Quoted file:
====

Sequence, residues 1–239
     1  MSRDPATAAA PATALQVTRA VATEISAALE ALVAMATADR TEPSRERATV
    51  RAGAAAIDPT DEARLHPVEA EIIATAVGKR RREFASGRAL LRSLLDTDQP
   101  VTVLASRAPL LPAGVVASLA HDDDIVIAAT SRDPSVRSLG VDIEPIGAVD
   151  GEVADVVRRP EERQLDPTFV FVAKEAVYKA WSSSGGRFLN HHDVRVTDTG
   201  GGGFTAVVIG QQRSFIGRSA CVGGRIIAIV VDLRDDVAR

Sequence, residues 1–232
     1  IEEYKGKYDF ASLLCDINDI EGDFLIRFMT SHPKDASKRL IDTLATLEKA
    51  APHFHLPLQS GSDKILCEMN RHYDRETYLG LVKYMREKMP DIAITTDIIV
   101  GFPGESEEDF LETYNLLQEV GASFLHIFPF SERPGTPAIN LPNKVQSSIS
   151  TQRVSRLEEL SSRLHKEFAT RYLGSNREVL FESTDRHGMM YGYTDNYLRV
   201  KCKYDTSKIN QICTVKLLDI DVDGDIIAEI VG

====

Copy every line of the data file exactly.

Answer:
Sequence, residues 1–239
     1  MSRDPATAAA PATALQVTRA VATEISAALE ALVAMATADR TEPSRERATV
    51  RAGAAAIDPT DEARLHPVEA EIIATAVGKR RREFASGRAL LRSLLDTDQP
   101  VTVLASRAPL LPAGVVASLA HDDDIVIAAT SRDPSVRSLG VDIEPIGAVD
   151  GEVADVVRRP EERQLDPTFV FVAKEAVYKA WSSSGGRFLN HHDVRVTDTG
   201  GGGFTAVVIG QQRSFIGRSA CVGGRIIAIV VDLRDDVAR

Sequence, residues 1–232
     1  IEEYKGKYDF ASLLCDINDI EGDFLIRFMT SHPKDASKRL IDTLATLEKA
    51  APHFHLPLQS GSDKILCEMN RHYDRETYLG LVKYMREKMP DIAITTDIIV
   101  GFPGESEEDF LETYNLLQEV GASFLHIFPF SERPGTPAIN LPNKVQSSIS
   151  TQRVSRLEEL SSRLHKEFAT RYLGSNREVL FESTDRHGMM YGYTDNYLRV
   201  KCKYDTSKIN QICTVKLLDI DVDGDIIAEI VG